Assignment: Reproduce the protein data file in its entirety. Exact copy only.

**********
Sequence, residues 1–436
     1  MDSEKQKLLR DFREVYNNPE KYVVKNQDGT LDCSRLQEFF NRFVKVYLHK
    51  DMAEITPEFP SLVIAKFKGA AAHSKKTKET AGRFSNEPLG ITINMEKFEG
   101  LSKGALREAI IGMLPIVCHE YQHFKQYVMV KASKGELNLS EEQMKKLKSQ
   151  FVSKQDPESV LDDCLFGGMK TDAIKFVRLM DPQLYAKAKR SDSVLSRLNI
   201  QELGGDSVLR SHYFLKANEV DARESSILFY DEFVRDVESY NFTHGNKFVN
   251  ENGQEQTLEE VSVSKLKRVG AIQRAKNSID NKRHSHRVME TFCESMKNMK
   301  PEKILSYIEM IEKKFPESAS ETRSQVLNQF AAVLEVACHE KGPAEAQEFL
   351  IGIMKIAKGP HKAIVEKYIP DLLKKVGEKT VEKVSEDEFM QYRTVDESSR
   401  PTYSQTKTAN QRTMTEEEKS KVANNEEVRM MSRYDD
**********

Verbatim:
Sequence, residues 1–436
     1  MDSEKQKLLR DFREVYNNPE KYVVKNQDGT LDCSRLQEFF NRFVKVYLHK
    51  DMAEITPEFP SLVIAKFKGA AAHSKKTKET AGRFSNEPLG ITINMEKFEG
   101  LSKGALREAI IGMLPIVCHE YQHFKQYVMV KASKGELNLS EEQMKKLKSQ
   151  FVSKQDPESV LDDCLFGGMK TDAIKFVRLM DPQLYAKAKR SDSVLSRLNI
   201  QELGGDSVLR SHYFLKANEV DARESSILFY DEFVRDVESY NFTHGNKFVN
   251  ENGQEQTLEE VSVSKLKRVG AIQRAKNSID NKRHSHRVME TFCESMKNMK
   301  PEKILSYIEM IEKKFPESAS ETRSQVLNQF AAVLEVACHE KGPAEAQEFL
   351  IGIMKIAKGP HKAIVEKYIP DLLKKVGEKT VEKVSEDEFM QYRTVDESSR
   401  PTYSQTKTAN QRTMTEEEKS KVANNEEVRM MSRYDD